Photograph by Paul J. Richards/AFP/Getty Images.
Florida officials and the Obama administration traded legal threats Monday in the latest development in the ongoing fight over the Sunshine State's controversial non-citizen voter purge effort.
The Miami Herald reports that Republican Gov. Rick Scott got off the first shot when his chief election official announced the state's intention to sue the Department of Homeland Security for access to a federal database that it says would help state officials better identify and remove non-citizens currently on their voter rolls.
Moments later, the Justice Department returned serve by announcing its intention to sue the state for violating federal voting laws, CNN reports. In a sharply worded letter, administration lawyers noted that states can remove non-legal voters from lists but said that Florida's ongoing purge program has "critical imperfections," including the use of outdated data that likely contains the names of those who have recently become citizens. The letter also suggested that Florida might be purging too late: The state is now in a 90-day "quiet period" leading up to an Aug. 14 primary.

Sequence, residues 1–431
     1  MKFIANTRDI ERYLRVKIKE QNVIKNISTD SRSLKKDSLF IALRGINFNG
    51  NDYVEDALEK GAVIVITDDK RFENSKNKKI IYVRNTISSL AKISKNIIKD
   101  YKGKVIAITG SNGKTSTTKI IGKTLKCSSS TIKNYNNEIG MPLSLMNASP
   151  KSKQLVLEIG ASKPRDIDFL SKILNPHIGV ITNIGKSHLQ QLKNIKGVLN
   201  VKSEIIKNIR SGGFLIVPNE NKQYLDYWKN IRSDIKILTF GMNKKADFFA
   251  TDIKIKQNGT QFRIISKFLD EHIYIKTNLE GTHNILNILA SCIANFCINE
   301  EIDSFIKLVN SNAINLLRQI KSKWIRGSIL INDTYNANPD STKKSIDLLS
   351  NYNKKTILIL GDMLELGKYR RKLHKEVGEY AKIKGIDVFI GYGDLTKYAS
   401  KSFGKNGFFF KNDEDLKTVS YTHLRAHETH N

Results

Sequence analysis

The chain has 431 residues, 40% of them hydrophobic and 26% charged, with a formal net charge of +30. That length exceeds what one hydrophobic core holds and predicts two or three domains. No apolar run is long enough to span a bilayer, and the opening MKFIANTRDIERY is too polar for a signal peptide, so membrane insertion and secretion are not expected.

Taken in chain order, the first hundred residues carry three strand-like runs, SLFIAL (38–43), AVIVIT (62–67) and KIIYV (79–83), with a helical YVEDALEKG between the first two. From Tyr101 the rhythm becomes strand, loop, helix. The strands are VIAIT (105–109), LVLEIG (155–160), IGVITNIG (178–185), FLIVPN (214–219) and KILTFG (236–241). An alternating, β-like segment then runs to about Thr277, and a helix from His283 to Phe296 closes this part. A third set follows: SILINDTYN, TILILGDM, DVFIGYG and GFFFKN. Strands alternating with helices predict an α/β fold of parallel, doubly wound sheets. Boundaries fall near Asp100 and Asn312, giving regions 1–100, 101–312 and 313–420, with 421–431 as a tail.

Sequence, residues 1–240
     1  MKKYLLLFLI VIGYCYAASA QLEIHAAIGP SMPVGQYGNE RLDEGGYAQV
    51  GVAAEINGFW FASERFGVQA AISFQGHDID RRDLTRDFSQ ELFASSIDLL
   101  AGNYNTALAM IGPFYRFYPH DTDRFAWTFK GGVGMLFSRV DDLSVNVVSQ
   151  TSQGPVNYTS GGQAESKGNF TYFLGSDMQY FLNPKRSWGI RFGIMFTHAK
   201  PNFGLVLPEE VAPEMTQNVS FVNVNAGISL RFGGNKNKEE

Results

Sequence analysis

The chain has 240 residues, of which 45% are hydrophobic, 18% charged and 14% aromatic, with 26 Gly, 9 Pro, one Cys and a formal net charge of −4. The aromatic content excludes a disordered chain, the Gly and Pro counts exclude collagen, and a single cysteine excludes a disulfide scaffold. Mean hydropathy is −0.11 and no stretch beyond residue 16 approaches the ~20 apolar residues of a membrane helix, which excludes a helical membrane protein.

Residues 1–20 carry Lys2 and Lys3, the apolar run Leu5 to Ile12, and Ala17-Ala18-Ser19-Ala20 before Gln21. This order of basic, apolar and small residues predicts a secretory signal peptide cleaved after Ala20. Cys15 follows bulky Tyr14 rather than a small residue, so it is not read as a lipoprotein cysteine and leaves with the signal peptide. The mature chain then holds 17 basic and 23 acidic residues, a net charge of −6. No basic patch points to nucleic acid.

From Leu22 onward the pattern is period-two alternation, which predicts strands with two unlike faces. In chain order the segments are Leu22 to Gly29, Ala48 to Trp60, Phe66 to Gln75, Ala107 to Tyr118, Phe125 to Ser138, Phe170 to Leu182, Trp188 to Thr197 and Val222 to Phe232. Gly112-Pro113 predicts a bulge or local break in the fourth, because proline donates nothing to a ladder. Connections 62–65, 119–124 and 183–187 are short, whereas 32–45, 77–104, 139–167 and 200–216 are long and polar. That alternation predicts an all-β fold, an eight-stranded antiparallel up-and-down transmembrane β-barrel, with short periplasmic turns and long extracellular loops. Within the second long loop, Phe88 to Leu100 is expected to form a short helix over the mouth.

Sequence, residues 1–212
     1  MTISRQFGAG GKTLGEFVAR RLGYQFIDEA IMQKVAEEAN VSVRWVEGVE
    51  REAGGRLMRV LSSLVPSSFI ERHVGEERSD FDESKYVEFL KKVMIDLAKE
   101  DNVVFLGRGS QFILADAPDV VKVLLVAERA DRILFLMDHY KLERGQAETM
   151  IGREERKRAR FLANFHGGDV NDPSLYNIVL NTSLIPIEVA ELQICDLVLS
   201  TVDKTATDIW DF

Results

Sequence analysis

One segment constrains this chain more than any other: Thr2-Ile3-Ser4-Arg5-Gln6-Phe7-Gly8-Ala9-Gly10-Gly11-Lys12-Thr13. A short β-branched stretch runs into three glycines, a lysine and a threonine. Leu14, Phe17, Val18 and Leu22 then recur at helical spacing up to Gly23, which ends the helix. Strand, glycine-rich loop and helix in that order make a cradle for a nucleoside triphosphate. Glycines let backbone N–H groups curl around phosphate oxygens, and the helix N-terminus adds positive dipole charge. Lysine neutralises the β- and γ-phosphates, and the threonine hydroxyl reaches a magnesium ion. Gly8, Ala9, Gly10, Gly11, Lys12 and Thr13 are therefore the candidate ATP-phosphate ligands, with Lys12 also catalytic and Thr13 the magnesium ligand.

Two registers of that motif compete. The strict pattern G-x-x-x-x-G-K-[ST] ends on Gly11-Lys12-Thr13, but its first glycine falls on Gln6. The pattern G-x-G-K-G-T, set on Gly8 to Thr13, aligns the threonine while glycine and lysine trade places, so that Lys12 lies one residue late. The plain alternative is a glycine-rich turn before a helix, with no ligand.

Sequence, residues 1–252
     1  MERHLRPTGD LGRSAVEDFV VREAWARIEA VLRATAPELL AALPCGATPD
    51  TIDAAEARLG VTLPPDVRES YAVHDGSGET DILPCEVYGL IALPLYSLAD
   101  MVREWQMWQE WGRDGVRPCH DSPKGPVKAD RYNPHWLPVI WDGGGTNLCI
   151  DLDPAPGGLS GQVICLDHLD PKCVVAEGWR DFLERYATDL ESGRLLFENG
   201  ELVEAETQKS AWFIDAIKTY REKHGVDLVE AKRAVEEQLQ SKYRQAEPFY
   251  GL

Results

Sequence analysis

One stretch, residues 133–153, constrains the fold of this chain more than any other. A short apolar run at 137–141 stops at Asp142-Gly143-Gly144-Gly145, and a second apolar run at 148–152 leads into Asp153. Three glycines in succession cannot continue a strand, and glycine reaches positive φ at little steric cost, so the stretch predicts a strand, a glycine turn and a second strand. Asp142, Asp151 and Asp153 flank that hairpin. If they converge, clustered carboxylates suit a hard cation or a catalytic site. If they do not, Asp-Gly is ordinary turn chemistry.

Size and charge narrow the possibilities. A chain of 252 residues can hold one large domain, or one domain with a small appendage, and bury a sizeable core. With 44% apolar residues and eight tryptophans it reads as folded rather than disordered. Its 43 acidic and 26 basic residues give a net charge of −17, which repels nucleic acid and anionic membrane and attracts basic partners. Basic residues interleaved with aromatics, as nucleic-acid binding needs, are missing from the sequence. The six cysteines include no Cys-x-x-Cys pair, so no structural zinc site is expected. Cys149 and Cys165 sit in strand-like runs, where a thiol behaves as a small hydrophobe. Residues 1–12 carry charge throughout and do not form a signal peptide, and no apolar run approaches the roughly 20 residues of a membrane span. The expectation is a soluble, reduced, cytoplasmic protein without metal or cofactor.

As for Florida's request for access to the Homeland Secuirty database, the Justice Department contends that it is not designed to be used for activities like the state's voter purge. "The significant problems you are encountering in administering this new program are of your own creation," DOJ wrote.
So far, the state has identified 87 non-citizens on the voter rolls, 47 of whom may have cast ballots.
The most recent list of potential non-citizens on the voter list is 2,700 names long, about 500 of whom have been identified as citizens, according to the Herald. That list is much smaller than the initial 180,000 possible non-citizens first identified by the state.
The ACLU sued the state of Florida last week, saying that under the Voting Rights Act the state is required to get permission to change election law in some of its counties.